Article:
The reader may ask, “What does this have to do with economics?” The answer is, a lot. The economic system never operates in a vacuum, but is part of a three-legged stool, the other two legs of which are a religious-moral system and a legal system. These three legs of the stool operate together to form the character of any country. Since we are discussing law, let us take an example of the economy of a country trying to operate a free-market economic system, but where the courts are corrupt. There will always be disputes in business. People understand agreements in different ways, interpret contracts, especially the more complex ones, differently, and, of course, some people are downright dishonest. Instead of taking matters into one’s own hands, business people take the matters in dispute to an impartial court for a decision. But if the courts are corrupt, it means that they will decide for the one who bribes them, or the one with the political connections, or in favor of friends and relatives, rather than according to the law. This corruption limits the amount of risk that the business operator is willing to take, because, if something goes wrong, there is no sure legal remedy. Countries with this type of court system tend to live in primitive economic conditions for that reason.
Any country that to expects to have a prosperous economy needs citizens who respect the rule of law, and courts that will adjudicate disputes according to that law. Judges who legislate from the bench, that is, who decide not according to the law but according to what they would like to see, destroy the confidence in the courts needed to operate business successfully, not to mention the penal law system.
But do not take my word for it. The great Constitutional scholar (a non-lawyer, I might add, and don’t get me started on lawyers’ ignorance of the Constitution) Dr. George Carey of Georgetown University wrote an article many years ago, bringing us back to the intent of the framers of the Constitution regarding Article III of the Constitution, the judicial article. All legal decisions must take into account right off the bat the intentions of those who wrote the article or statute in question. The words of the article or statute cannot be understood reliably by using the words themselves, because words are susceptible to a variety of meanings. Therefore, any legal scholar or judge who is competent goes to what the authors of the law intended to accomplish by the law in question. In interpreting the Constitution of the United States, there is a hierarchy to be used in ascertaining the meaning of any section. After the words themselves, there come the debates in Constitutional Convention, and after that, the most thorough, authoritative explanation of the document, the series of newspaper articles written by three of the Founding Fathers, called The Federalist, written under the pseudonym “Publius,” the intention of which was to explain the provisions of the new Constitution to those who had objections. Dr. Carey points out that in discussing the ability of the Supreme Court to overturn statutes, liberals never refer to the preeminent Federalist on the subject—Federalist 78. Why is this?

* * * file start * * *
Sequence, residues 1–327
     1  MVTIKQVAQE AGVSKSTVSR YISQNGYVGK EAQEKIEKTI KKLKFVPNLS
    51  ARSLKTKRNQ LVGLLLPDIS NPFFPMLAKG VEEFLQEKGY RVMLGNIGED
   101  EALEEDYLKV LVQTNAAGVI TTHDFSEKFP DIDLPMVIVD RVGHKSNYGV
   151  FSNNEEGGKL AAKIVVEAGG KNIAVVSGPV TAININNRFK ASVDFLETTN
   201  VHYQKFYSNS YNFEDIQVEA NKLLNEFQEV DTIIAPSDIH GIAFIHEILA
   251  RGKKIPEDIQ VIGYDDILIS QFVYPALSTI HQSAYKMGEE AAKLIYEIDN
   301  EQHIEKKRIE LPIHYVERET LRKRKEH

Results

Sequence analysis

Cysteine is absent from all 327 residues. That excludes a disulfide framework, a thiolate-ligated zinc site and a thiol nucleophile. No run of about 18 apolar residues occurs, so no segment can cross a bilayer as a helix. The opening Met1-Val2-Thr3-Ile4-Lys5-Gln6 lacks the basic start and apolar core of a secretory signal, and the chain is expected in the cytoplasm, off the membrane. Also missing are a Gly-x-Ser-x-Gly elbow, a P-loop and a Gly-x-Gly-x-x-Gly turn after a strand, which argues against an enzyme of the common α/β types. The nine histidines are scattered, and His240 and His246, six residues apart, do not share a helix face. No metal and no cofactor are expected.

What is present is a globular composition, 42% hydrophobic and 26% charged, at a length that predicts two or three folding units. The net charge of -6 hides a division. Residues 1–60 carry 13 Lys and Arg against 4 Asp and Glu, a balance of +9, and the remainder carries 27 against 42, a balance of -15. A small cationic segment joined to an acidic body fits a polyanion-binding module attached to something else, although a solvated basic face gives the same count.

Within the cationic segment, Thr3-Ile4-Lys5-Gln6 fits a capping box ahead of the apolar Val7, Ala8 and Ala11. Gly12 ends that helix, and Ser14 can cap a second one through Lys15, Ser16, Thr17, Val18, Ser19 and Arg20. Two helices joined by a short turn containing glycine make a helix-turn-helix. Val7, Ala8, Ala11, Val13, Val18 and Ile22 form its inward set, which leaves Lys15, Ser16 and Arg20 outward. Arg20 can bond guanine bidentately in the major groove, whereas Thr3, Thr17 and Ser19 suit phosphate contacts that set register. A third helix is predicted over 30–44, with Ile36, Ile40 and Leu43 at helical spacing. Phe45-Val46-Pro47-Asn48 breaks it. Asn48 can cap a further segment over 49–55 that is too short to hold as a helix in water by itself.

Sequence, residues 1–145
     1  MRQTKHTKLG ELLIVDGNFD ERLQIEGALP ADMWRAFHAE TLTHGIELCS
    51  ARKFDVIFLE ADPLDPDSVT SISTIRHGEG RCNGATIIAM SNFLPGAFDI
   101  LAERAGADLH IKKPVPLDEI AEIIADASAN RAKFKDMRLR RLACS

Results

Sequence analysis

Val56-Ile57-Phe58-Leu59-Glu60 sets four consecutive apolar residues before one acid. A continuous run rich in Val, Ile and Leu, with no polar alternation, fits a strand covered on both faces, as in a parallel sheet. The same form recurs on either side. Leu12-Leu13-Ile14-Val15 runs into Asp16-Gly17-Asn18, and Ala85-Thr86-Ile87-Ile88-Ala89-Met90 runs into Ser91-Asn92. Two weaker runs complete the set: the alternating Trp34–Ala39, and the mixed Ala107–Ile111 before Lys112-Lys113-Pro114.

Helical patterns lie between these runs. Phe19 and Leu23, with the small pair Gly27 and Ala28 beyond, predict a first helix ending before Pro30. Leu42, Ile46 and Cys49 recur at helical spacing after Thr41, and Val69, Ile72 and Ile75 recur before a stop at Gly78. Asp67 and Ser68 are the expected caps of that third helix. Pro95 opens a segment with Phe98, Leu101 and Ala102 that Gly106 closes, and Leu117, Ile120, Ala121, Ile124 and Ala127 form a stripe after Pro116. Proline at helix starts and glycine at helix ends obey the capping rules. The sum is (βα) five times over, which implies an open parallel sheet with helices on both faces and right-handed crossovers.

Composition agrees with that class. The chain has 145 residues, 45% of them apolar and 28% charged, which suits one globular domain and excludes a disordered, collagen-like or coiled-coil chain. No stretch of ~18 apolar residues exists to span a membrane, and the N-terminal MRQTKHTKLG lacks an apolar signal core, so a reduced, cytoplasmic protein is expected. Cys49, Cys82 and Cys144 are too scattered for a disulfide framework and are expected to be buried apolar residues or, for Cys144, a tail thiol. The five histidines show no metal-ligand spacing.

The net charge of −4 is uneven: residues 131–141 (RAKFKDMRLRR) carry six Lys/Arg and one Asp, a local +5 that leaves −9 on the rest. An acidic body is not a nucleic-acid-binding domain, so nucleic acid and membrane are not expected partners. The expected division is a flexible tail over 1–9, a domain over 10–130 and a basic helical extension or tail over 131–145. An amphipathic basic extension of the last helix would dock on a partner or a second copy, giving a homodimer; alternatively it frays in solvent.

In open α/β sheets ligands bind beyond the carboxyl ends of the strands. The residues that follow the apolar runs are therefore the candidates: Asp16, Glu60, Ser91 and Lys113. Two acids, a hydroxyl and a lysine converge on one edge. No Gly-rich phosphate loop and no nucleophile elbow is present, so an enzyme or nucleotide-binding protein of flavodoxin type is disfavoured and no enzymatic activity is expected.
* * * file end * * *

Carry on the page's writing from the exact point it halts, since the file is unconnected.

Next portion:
First of all, Publius tells us, we must understand that the Constitution is “fundamental law.” This means that it is foundational. The Constitution is an official expression of the will of the whole people, hence it begins, “We, the People of the United States . . . .” Statutes, law passed by legislatures, while binding, are the will of the representatives of “We, the People of the United States . . . .” In a conflict of laws between a statute and the Constitution, the Constitution must prevail. The Constitution itself does not speak of the ability of the Supreme Court to overturn statutes, but Federalist 78 tells us that limitations of the power of the legislative branch “can be preserved in practice no other way than through the medium of courts of justice, whose duty it must be to declare all acts contrary to the manifest tenor of the Constitution void” (my emphasis). The word “manifest” means “evident to the senses,” and “tenor” means an exact copy. In this case it means the literal words of the document (Black’s Law Dictionary). Publius notes that in order for the Court to declare a statute unconstitutional, there must be an “irreconcilable variance” between the two.